Mexico: The Cauldron of Modernism


J. Hoberman in the NYRB:

In 1929, the Surrealist poet Paul Éluard did away with the United States. In a map of the world attributed to him that year, the American republic (except for a giant Alaska) has been subsumed by Labrador in the north and a sprawling Mexico in the south.

The image of Mexico as the center of the new world—and as what André Breton called “the surrealist country par excellence”—is a take-away from the exhibition “Paint the Revolution: Mexican Modernism 1910-1950,” now showing at the Philadelphia Museum of Art. Just as Éluard’s map can be read as an early polemic against Eurocentrism, so “Paint the Revolution” presents a Mexican response to European art that, at least up until World War II, was equal to and in some regards stronger than that of North America.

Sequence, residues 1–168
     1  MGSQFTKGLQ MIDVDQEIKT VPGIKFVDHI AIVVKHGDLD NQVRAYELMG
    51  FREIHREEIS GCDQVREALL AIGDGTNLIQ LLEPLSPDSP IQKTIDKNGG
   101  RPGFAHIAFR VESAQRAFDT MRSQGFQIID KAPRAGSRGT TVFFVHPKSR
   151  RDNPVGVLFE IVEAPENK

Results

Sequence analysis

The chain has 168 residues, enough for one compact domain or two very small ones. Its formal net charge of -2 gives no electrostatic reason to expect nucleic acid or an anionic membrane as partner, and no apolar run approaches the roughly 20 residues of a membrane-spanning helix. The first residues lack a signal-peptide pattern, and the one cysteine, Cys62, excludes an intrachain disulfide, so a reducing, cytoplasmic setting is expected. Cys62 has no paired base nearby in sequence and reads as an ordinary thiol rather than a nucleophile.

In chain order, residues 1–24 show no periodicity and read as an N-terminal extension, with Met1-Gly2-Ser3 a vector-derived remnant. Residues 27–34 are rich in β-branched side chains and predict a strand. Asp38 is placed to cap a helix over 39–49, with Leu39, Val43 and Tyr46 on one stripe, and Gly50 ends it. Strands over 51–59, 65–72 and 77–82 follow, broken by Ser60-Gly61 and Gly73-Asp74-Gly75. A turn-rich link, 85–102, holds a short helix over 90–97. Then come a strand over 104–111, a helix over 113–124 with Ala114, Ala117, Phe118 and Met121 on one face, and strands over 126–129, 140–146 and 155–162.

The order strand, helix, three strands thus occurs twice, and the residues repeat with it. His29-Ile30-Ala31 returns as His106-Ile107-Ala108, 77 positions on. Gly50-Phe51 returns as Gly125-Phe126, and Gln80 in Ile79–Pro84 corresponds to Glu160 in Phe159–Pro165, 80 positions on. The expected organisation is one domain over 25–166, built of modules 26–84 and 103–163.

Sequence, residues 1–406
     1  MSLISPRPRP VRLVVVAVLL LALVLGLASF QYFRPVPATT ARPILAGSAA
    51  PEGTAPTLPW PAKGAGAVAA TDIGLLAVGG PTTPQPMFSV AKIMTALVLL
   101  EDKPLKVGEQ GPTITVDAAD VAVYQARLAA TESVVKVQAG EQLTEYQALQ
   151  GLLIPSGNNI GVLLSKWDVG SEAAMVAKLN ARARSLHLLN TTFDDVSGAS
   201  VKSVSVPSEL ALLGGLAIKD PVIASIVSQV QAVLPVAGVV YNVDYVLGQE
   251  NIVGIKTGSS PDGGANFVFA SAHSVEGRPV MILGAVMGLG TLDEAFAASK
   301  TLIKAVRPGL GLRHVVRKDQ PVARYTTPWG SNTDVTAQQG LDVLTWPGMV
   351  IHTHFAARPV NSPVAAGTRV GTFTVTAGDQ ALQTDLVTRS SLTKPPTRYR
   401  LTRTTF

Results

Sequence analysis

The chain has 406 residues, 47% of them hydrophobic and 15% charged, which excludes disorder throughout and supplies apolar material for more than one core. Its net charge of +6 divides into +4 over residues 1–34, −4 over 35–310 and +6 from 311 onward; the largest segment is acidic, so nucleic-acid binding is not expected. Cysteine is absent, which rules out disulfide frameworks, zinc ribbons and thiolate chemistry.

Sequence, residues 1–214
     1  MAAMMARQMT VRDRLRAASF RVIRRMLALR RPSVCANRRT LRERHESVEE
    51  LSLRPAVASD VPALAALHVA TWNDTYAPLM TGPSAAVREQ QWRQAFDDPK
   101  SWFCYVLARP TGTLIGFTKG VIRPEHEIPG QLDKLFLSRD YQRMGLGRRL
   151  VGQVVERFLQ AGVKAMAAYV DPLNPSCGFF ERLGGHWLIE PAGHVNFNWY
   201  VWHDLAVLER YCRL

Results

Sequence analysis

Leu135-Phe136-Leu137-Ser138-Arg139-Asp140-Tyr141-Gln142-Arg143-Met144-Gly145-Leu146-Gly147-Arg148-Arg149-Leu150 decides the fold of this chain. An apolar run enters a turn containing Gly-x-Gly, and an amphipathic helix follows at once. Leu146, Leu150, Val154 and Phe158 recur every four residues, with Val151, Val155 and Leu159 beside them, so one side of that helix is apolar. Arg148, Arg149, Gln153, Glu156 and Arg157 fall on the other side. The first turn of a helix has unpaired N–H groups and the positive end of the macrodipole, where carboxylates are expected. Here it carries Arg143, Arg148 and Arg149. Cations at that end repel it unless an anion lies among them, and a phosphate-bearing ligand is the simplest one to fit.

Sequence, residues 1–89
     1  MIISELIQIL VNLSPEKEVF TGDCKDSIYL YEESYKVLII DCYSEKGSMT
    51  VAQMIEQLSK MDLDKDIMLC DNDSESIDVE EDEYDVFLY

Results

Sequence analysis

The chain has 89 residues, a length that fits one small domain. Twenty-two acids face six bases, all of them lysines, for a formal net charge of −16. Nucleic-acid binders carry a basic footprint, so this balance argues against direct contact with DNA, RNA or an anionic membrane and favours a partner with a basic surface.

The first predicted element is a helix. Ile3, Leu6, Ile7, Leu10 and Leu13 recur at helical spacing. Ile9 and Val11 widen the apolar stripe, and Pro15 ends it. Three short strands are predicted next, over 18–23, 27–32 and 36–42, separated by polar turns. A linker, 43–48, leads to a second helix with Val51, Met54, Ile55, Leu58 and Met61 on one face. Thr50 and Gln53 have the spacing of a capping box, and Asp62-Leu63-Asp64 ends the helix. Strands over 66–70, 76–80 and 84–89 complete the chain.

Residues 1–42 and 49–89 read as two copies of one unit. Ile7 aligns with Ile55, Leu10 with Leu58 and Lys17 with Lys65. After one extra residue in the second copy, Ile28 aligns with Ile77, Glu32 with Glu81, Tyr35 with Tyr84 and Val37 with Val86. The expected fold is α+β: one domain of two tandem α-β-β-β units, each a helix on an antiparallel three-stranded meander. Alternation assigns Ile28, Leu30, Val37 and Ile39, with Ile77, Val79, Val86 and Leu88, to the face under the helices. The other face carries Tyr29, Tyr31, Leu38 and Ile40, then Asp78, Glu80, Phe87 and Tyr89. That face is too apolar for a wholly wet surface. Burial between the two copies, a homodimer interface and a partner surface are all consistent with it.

To a degree, “Paint the Revolution” is the story of the three star muralists, Diego Rivera, David Siqueiros, and José Clemente Orozco, who along with the posthumously canonized Frida Kahlo, defined the new Mexican art. (The exhibition borrows from the title, punctuated by exclamation point, of John Dos Passos’s 1927 New Masses article on the same subject.) But their work is situated among scores of lesser-known artists who were also responding to the decade-long Mexican revolution that broke out in 1910. Synthesizing avant-garde with folk art while embodying the tension between new and traditional media, these men and women engaged the central issues of early-twentieth-century culture.

More here.